Broad Orders Will Not Be Effective

Whilst awaiting a decision as to whether the industrial action complained of should stop, it can be tempting to seek to prevent further action in the interim.

This makes sense, if action is going to be the subject of stop orders, why should the unions and workforce gain a win by exerting pressure in the form of work bans which may be unlawful? It has been confirmed that they should not. But in framing interim orders, as with final orders to stop unlawful industrial action, specific attention needs to be drawn to the industrial action which is to be stopped.

Broad notions of industrial actions by reference to all the possible types of action contained in section 19(1) of the FW Act will not withstand criticism and will be struck down.

Although the Commission does not identify a particular form of industrial action in issuing its orders, it is bound to find first that there is a form of industrial action which is unlawful and the subject of a stop order. In terms of framing orders, therefore, the Commission must be able, in a manner understandable to the parties, be able to specify the action which the section 418 orders attach to.

In the example listed above, interim and final orders that prevented action pursuant to all of the matters in section 19(1) of the FW Act would be invalid. However, orders which stopped the bans on equipment testing, air freezing and leak testing would be valid.

In this sense, the Court is making it clear that the Commission cannot use 1 form of action, the industrial action the subject of the 418 application, as a basis of stopping all industrial action, which may or may not take place. Effectively holding that to do so would be in excess of the powers the FW Act provides.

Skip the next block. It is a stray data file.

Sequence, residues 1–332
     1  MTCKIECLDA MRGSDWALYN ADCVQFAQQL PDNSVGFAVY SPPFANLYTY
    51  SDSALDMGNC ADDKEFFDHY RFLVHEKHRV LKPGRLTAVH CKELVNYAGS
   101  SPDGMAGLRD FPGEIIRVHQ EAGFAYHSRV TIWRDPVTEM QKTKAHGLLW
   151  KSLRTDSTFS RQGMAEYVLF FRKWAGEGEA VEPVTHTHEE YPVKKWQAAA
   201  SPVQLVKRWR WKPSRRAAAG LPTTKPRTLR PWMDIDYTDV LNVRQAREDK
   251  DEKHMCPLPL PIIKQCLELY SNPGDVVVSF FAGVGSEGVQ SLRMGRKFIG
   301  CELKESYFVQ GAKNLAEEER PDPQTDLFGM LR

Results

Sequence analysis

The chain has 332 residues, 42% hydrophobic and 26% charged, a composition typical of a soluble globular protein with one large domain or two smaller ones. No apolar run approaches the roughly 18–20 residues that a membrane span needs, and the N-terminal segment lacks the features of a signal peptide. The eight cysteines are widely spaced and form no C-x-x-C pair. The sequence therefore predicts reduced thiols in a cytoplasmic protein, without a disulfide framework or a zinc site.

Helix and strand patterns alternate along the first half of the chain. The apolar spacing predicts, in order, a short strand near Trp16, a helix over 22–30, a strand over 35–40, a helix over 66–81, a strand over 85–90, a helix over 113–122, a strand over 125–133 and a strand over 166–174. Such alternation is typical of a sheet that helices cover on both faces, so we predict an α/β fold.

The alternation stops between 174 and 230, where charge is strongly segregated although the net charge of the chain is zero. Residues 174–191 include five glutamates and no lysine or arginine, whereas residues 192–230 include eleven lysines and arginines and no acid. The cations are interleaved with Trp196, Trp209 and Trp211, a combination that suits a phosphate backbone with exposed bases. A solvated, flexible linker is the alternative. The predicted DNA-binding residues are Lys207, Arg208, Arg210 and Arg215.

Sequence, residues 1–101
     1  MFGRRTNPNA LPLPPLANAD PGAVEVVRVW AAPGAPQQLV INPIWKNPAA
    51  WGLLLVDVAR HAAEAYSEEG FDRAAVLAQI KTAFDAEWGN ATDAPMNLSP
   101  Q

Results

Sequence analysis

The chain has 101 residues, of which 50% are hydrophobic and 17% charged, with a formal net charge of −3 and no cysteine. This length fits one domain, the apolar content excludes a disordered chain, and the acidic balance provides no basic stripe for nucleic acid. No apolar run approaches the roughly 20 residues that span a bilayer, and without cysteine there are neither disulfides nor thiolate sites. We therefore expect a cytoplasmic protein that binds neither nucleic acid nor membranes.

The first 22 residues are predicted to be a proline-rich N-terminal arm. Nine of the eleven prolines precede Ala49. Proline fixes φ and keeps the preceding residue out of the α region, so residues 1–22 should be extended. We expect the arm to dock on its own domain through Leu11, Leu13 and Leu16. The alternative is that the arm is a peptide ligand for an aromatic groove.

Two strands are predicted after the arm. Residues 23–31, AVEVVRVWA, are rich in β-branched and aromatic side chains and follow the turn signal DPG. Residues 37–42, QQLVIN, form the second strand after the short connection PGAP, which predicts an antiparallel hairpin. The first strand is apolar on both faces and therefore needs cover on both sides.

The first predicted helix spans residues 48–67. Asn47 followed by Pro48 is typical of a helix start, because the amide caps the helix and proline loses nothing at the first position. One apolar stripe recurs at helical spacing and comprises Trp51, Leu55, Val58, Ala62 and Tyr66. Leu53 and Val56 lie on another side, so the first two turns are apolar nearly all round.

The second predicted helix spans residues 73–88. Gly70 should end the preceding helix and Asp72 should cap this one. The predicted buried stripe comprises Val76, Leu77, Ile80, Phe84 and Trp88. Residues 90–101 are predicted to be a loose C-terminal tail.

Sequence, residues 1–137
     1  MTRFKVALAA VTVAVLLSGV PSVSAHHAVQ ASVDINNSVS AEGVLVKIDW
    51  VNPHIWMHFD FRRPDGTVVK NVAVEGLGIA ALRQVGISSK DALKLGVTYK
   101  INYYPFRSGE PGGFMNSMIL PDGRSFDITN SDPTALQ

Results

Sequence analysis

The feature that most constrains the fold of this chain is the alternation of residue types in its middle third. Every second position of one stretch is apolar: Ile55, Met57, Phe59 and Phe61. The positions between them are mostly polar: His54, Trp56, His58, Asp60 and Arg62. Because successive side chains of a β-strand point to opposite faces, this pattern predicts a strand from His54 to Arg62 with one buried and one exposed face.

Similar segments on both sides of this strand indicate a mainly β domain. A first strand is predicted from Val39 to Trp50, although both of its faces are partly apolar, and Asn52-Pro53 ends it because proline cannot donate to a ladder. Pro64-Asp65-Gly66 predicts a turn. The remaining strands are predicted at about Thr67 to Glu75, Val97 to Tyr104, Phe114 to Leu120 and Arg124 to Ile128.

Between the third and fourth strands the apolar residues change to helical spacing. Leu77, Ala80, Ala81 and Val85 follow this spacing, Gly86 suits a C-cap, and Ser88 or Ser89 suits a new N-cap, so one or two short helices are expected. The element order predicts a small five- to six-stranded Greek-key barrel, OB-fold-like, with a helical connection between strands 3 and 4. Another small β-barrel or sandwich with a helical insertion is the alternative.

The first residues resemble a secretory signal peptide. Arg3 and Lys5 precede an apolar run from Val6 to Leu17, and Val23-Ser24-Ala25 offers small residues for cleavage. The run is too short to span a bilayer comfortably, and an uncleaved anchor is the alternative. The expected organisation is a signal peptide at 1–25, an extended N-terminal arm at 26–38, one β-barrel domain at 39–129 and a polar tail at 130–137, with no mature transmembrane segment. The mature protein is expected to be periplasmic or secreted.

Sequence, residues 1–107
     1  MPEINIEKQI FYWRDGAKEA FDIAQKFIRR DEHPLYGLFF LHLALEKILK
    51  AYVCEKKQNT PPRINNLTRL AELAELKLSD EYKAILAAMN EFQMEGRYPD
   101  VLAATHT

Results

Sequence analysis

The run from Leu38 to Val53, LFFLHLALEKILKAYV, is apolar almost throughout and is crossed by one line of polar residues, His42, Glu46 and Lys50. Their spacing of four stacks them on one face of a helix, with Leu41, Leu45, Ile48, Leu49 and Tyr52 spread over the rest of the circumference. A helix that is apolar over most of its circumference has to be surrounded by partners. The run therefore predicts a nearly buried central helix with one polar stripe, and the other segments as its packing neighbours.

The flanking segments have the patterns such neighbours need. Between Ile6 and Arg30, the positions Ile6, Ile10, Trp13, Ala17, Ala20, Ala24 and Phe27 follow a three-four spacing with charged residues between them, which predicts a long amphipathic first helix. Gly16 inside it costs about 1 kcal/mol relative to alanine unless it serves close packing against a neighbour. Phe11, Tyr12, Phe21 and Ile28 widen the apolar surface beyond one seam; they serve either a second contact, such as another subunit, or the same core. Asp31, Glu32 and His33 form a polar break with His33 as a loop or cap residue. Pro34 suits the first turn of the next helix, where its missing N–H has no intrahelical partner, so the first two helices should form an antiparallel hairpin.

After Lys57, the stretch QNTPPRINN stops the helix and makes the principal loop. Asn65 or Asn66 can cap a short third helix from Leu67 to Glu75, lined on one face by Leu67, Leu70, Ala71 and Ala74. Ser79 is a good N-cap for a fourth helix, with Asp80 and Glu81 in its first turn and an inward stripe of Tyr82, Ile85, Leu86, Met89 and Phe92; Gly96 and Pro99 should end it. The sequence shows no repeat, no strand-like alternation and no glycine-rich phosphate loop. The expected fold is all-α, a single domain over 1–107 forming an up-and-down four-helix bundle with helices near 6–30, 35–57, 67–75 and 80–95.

What Does This Mean for Employers?

The above case provides a few important take away points in relation to notices of industrial action and how to go about seeking to stop unlawful industrial action orders. These are:

  • check the notice issued carefully against the action which is taking place on site. Are the tasks notified, and only those tasks, the subject of industrial action? Or are a wider range of duties being affected which are not contained in the notice
  • when preparing for section 418 applications, an employer is required to provide the Commission with draft orders that the employer is seeking, including any interim orders. In preparing these draft orders, it is important to:< ul="" />
    • have strict regard to the industrial action which is the basis of your application, do not seek to stop all possible types of action as this type of order cannot be made
    • ensure that the action complained of is able to be understood in an identifiable way so that all parties concerned know the limits and outer limits of what the stop order is aimed at. Failure to do this may result in broader orders than necessary, which will be invalid.

Getting these finer details right can now mean the difference between successfully having stop order issues and, if challenged, successfully upheld. The alternative may mean a denial of relief for an employer who may, as a matter of substance, be the subject of unlawful industrial action.